Before the chair, before Grandpa Pierce, before DeAndre Jordan‘s infamous change of heart and the Emoji War that inspired it, there was Antonio McDyess. McDyess, obviously, but then of course French-Canadian ice hockey legend Patrick Roy, an impromptu charter flight across the southwest, dozens of unanswered pager calls and a good old-fashioned Rocky Mountain blizzard.
In January 1999, a 24-year-old with jetpacks for calves and long sinewy arms found himself at an emotional fork in the road. Fresh off of his third season in the NBA and his first in the desert, Suns power forward Antonio McDyess had the choice between re-signing with the team he just won 56 games with or returning to the basement-dwelling franchise that shipped him out of town less than 18 months prior.
After playing his first two seasons with the Nuggets and establishing himself as one of the most satisfyingly athletic big men in the game, McDyess enjoyed his first taste of team success following his arrival in Phoenix. The trade that sent him from Denver to the Suns prior to that 1997/98 season was precipitated by the fact that McDyess and his representative, Arn Tellem, were seeking a six-year, $100MM contract extension back when the club’s front office refused to go any higher than $70MM.
“I guess they had no choice but to trade me,” he said at the time, adding shortly thereafter that he didn’t think there was any possible way he would return to the Nuggets when he hit free agency seven months later.
Of course it was seven months later when things got unprecedentedly interesting.
When the NBA revealed that the lockout had ended and there would be an abbreviated 50-game 1998/99 season, basketball fans the world over braced themselves for a whirlwind free agency period in the middle of January. It was during this frenzy that McDyess flipped and then flopped and then, assuming he’s only human, broke down in tears at a Calgary Flames game while clutching a Hall of Fame goaltender’s hockey stick. Just go with it, trust me.
While the quote above – and another from the same Deseret News piece calling the idea of McDyess returning to Denver “the biggest fib” he’d heard this year – may have done a good job of accurately depicting what was in his head at the time, it didn’t account for what would come next.
From various interviews over the years, we can piece together that McDyess initially opposed the idea of returning to the Nuggets because they traded him, but ultimately soured on a return to Phoenix because he felt the Suns didn’t feature him enough in their offense.
At that point, nearly a year after saying that he had no intention of returning to Denver, McDyess and Nuggets general manager Dan Issel zeroed in on a deal that would see him return to Colorado. Just when the club was set to announce that it would be bringing McDyess back on a new long-term deal, however, the forward got cold feet and cancelled the press conference.
Back in 1999, Sports Illustrated’s Jackie MacMullan wrote that McDyess’ doubts about returning to Denver were fueled by the fact that the Nuggets would be forced to renounce the rights to LaPhonso Ellis, a teammate and close friend of McDyess’ during his first tenure with the club.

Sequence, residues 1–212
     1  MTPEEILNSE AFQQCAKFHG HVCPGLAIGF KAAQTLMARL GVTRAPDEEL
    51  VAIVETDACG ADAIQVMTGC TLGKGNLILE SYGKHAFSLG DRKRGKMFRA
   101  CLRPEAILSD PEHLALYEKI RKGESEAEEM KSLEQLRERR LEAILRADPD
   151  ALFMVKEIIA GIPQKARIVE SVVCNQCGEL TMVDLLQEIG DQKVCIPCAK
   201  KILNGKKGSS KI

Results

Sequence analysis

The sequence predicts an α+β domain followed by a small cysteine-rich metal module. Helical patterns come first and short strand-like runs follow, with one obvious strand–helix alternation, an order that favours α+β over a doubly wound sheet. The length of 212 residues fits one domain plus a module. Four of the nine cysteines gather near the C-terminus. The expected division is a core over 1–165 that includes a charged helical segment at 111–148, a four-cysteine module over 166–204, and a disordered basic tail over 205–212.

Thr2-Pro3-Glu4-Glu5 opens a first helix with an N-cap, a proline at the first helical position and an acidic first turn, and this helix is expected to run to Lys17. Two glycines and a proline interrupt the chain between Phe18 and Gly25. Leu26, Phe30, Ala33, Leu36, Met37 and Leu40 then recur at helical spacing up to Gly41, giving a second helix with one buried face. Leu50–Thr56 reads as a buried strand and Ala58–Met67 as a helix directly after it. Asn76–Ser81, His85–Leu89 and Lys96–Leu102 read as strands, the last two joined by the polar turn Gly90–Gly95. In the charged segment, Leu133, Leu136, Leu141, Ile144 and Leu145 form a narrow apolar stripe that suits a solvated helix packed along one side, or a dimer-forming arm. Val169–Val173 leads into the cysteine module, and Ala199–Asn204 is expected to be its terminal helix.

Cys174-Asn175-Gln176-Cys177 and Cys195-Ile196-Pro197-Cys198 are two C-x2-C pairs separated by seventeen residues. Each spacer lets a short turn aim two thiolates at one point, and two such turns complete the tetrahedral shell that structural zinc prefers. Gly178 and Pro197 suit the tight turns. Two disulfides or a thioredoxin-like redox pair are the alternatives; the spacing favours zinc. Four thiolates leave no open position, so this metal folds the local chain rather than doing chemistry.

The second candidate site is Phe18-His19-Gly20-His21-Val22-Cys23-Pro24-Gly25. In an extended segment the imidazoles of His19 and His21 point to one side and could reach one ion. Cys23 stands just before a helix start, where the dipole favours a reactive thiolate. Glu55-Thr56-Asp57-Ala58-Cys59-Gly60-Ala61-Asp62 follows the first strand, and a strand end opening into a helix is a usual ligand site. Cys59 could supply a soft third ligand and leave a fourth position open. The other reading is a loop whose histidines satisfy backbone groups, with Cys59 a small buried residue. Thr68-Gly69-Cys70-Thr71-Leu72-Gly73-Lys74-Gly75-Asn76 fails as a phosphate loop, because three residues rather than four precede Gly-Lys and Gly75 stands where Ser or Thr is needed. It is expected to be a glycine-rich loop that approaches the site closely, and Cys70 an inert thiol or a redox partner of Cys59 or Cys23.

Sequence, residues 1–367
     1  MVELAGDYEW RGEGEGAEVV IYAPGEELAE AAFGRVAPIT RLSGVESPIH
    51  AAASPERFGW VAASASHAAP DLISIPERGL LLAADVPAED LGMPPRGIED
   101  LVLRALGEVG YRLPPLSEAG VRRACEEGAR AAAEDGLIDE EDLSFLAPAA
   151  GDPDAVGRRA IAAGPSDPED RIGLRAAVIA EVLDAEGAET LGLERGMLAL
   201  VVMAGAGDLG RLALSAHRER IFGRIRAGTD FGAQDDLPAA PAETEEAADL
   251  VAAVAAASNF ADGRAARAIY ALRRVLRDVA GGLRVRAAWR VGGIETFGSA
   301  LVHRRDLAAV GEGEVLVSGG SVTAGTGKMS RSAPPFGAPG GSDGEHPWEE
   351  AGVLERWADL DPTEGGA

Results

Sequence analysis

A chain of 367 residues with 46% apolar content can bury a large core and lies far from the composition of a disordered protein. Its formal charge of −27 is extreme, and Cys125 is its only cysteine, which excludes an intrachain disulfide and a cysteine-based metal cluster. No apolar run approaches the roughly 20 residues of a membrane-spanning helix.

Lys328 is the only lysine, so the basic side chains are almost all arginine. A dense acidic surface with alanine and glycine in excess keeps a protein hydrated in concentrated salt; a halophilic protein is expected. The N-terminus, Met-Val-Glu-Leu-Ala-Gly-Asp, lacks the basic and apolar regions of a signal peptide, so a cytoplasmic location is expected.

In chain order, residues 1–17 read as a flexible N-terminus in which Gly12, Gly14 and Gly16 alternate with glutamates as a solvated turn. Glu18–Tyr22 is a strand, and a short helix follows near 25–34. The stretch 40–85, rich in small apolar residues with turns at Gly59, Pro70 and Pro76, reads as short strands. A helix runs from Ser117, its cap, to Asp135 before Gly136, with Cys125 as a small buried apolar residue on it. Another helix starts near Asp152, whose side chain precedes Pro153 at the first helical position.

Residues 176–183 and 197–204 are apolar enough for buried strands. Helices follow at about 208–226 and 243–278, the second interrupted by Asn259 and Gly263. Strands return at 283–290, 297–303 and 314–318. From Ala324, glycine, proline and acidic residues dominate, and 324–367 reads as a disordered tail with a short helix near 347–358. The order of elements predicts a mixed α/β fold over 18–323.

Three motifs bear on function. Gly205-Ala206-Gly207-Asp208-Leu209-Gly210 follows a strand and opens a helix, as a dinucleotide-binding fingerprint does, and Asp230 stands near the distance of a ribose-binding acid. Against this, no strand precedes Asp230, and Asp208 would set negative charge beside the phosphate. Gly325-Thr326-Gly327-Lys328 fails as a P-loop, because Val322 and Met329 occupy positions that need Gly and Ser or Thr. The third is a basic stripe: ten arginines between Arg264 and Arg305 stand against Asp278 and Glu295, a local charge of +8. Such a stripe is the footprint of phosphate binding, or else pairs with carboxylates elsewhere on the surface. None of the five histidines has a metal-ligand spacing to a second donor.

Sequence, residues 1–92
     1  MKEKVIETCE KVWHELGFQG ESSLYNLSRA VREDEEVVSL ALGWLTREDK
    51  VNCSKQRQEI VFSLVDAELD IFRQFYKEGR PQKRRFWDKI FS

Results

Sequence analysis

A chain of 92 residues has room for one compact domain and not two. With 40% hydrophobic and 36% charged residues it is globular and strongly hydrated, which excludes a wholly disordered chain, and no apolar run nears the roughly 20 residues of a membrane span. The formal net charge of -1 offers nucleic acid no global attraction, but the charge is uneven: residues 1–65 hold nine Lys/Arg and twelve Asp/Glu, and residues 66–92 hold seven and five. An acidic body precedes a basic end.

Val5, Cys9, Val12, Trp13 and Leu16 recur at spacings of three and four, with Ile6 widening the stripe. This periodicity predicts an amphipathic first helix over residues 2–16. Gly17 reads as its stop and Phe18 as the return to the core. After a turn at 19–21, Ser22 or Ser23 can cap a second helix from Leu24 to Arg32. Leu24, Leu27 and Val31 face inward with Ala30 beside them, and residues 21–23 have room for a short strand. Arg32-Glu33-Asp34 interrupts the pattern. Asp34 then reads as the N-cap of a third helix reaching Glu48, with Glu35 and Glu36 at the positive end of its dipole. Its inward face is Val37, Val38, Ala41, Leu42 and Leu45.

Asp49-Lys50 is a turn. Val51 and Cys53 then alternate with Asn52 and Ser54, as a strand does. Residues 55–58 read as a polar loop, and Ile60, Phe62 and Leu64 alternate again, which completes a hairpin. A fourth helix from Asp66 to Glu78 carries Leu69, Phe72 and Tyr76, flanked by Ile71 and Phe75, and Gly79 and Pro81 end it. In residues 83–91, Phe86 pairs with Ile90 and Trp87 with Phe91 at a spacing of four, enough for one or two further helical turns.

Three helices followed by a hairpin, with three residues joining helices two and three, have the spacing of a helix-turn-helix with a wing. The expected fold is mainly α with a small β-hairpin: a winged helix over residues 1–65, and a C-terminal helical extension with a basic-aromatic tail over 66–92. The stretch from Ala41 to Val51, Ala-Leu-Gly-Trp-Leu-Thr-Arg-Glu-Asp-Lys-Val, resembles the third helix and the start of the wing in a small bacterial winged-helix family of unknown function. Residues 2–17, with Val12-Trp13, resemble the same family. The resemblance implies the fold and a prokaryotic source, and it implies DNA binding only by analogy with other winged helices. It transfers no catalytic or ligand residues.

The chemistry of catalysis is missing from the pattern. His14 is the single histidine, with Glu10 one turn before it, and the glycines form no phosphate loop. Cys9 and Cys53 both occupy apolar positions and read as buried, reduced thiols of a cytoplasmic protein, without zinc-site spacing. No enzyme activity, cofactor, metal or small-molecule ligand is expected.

Turned off by the realization that he wouldn’t get the chance to play with Ellis, McDyess started questioning the decision to sign the deal altogether and ultimately called Jason Kidd, Phoenix’s starting point guard of the day, to express his reservations. Kidd, 25 years old at the time and fresh off of his first full season with the Suns, in turn rallied teammates George McCloud and Rex Chapman to join him on a Colorado-bound private jet in order to meet with McDyess face-to-face and convince him to fully back out of the decision and return to Phoenix.
As MacMullan wrote back in 1999, when Issel heard that a convoy of Suns teammates were coming to try and change McDyess’ mind, he brought the power forward to McNichols Arena for an NHL game between the Colorado Avalanche and visiting Calgary Flames.
“If Antonio had left that arena without some kind of handshake deal, we were in trouble,” he told MacMullan.
So serious were the Nuggets about getting a commitment that night that when they learned that the free agent’s favorite player was Avs goaltender Patrick Roy, they introduced the two prior to puck drop, a meeting from which the forward is said to have come away with one of the goaltender’s sticks.
Eventually Issel and McDyess made their way up to a private box prior to Kidd and company’s arrival at the arena. When the Suns teammates, desperate to connect with McDyess, they were railroaded by security who, per Chapman, went so far as to tell them that McDyess had specifically said to “beat it.”
Pressed by Chapman, the security guard admitted that he was just parroting what he had been instructed to say but the wheels were in motion.
McDyess and Issel were ultimately joined in the private box by head coach Mike D’Antoni and guard Nick Van Exel (who drove through a blinding snowstorm from their training camp facility in Golden Springs just to be there) and any lingering doubts that McDyess had about returning to Denver were assuaged. Within 24 hours, the six-year, $67.5MM deal that would stretch 2003/04 season was announced by the organization.
The trio of Suns players eager for one last chance to retain their explosive, young teammate never did make contact. Would history have unfolded differently if they had?
“I probably would have been more confused than ever,” McDyess said.
Photo courtesy of USA Today Sports Images.